Nokia shows off real-time traffic application
Nokia and Navteq are developing a new application that will turn GPS cell phones into traffic "probes" for tracking real-time traffic information.
NEW YORK--GPS map maker Navteq is teaming with its parent company Nokia to help drivers get more accurate information about traffic conditions.
Before Nokia bought Navteq last year, the two began working on a project in conjunction with the University of California at Berkeley called Mobile Millennium that uses GPS-enabled cell phones as traffic monitors or "probes" to collect real-time traffic data.
A pilot program using more than 10,000 handsets has. And on Tuesday the companies were showing off the technology at the Intelligent Transport Systems World Congress here in New York.
As part of the pilot program, researchers are collecting data via GPS and tracking usage patterns to provide real-time traffic reports for individual drivers. All the information is collected anonymously and aggregated statistically to provide the most up-to-date and accurate information.
"The beauty of this approach is that the users also become contributors and the more data that is collected the better the accuracy and range of the service," said Quinn Jacobson, a research leader at the Nokia Research Center in Palo Alto, Calif.
Navteq is a leader in the mapping and navigation market. Its maps have been used by Google and others to fuel their navigation services. And its technology is already being used for cell phone services, such as Verizon Wireless' VZ Navigator. In addition to turn-by-turn navigation, VZ Navigator also provides up-to-date traffic information.
But the problem is that most of the traffic information available through Navteq's technology is collected using government deployed sensors. While these sensors, which sit on the roads and monitor car speeds and traffic volume, do a good job, they are too expensive to be deployed everywhere. This means that traffic information is usually only available for busy highways in large metropolitan areas, but it's missing on arterial roads feeding into these highways or on rural secondary roads.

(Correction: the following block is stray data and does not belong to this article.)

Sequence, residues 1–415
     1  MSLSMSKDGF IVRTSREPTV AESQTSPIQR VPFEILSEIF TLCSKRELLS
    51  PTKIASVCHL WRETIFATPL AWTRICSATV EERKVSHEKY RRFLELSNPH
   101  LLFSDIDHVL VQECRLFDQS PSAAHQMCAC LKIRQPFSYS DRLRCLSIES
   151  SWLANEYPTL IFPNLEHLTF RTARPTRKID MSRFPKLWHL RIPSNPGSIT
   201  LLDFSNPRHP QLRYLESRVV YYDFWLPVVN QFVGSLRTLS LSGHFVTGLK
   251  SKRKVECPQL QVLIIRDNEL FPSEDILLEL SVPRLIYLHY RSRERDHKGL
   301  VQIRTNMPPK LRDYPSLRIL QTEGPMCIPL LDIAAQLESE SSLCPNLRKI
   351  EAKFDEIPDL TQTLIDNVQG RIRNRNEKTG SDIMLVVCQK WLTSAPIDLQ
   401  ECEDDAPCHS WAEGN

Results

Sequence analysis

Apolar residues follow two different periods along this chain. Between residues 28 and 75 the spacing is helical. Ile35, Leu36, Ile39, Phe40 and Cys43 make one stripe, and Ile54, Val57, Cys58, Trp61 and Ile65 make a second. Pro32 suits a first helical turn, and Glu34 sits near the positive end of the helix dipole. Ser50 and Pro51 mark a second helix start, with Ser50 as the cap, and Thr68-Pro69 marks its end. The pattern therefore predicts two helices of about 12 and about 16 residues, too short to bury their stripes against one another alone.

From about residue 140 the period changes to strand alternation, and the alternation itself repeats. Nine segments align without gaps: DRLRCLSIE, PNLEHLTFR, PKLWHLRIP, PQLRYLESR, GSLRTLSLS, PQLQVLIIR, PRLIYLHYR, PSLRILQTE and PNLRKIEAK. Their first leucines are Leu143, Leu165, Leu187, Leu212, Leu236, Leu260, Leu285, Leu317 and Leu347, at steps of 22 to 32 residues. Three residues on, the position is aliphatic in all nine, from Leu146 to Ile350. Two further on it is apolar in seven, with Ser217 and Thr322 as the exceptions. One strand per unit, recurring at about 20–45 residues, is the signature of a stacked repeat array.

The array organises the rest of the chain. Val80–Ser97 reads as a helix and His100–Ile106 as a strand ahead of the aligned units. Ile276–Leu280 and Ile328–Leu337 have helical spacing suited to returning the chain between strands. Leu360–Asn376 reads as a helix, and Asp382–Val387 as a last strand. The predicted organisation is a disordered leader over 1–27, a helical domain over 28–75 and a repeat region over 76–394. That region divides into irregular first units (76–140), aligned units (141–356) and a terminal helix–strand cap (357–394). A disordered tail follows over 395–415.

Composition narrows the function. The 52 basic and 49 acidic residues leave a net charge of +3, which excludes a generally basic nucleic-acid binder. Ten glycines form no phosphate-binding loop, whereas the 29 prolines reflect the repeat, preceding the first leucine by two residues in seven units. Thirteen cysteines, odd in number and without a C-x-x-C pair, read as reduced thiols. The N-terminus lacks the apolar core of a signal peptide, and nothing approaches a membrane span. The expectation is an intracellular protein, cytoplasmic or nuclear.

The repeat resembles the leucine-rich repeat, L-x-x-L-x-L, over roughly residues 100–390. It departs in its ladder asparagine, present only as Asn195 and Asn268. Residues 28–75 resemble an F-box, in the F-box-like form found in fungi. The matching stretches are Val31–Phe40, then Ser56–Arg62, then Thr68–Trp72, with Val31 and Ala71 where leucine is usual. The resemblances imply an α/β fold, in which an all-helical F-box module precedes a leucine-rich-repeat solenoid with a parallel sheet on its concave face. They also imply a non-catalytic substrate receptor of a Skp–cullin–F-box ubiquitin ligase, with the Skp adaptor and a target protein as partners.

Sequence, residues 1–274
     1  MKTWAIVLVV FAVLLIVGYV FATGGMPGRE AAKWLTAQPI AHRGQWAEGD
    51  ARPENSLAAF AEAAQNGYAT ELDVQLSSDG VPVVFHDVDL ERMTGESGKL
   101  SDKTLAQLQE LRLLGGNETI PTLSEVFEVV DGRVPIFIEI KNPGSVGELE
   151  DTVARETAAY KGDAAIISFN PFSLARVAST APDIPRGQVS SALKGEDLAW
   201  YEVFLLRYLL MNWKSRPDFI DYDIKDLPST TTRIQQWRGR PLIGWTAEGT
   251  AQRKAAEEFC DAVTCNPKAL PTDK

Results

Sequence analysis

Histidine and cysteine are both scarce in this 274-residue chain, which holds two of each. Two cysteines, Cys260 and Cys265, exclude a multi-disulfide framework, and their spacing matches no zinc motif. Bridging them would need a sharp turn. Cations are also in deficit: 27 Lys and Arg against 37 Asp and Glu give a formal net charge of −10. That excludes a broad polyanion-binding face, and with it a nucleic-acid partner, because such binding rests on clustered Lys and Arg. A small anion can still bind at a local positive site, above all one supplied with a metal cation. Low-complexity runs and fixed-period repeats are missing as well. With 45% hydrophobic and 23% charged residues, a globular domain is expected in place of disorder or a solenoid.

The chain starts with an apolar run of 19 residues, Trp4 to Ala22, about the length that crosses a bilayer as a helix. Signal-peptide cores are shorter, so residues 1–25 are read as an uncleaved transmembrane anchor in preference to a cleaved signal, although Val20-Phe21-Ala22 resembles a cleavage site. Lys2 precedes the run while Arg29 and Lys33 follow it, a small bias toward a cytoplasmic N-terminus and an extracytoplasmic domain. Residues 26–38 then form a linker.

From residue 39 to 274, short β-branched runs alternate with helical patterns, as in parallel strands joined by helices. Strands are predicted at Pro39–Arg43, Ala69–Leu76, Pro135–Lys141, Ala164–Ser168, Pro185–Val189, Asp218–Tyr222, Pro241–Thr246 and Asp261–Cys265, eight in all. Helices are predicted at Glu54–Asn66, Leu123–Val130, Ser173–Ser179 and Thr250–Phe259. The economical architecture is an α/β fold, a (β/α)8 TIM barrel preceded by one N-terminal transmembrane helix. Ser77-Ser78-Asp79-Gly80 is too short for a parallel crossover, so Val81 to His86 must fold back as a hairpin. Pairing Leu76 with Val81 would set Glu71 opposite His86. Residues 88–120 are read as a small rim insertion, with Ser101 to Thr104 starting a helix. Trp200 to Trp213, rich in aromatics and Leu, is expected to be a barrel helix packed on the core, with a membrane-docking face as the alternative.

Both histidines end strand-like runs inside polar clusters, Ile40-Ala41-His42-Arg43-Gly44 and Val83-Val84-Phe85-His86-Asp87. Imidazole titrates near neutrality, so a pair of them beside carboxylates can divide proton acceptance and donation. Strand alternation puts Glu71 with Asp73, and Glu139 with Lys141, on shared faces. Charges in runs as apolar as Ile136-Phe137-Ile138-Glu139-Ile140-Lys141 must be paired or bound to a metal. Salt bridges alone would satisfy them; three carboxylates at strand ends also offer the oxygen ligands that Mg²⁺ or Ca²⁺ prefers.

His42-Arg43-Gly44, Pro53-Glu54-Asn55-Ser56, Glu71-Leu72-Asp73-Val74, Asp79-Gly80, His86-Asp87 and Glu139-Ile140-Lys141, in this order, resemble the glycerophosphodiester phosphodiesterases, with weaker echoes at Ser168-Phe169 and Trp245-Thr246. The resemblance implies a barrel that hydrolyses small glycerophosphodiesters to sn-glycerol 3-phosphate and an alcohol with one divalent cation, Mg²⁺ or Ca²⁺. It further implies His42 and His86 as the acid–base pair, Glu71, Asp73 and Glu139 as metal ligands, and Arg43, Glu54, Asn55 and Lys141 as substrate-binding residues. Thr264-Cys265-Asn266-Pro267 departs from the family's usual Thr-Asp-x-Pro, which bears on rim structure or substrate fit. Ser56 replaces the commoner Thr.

The application being developed in the Mobile Millennium project will solve this problem, Jacobson said.
Currently, the Mobile Millennium application is only being used in the pilot testing program, but Jacobson said he expects a commercial offering to be available within the next two years. It's not clear yet if Nokia will make the application available to phones other than ones made by Nokia. It's likely that the application could be made available as part of a service offered through a wireless operator. This would likely mean that it would be available on a wide range of handsets from other manufacturers.
Jacobson said those business details haven't been worked out, but it's technically possible to offer the application on any GPS device. Jacobson also emphasized that the application performs better with more users, which means it might be in Nokia's best interest to open it up to other devices.
"The application works really well with 2 percent of the drivers on the road using it," he said. "But 4 percent is even better and so on."
Jacobson said the application will become really useful when it allows users to input specific routes and is integrated with other applications. For example, a daily commuter could program into the phone several routes he drives to work. The traffic application would be able to choose the best route depending on the current traffic conditions. If something changes en route, the application would be smart enough to alter the route.
And for people who never leave themselves enough time to get to the airport or an important meeting, the traffic application could help. Once the application is integrated into the calendar, it could calculate how long it will take, based on current traffic conditions, to get to that appointment. And it could alert the user when he or she should leave in order to get there on time.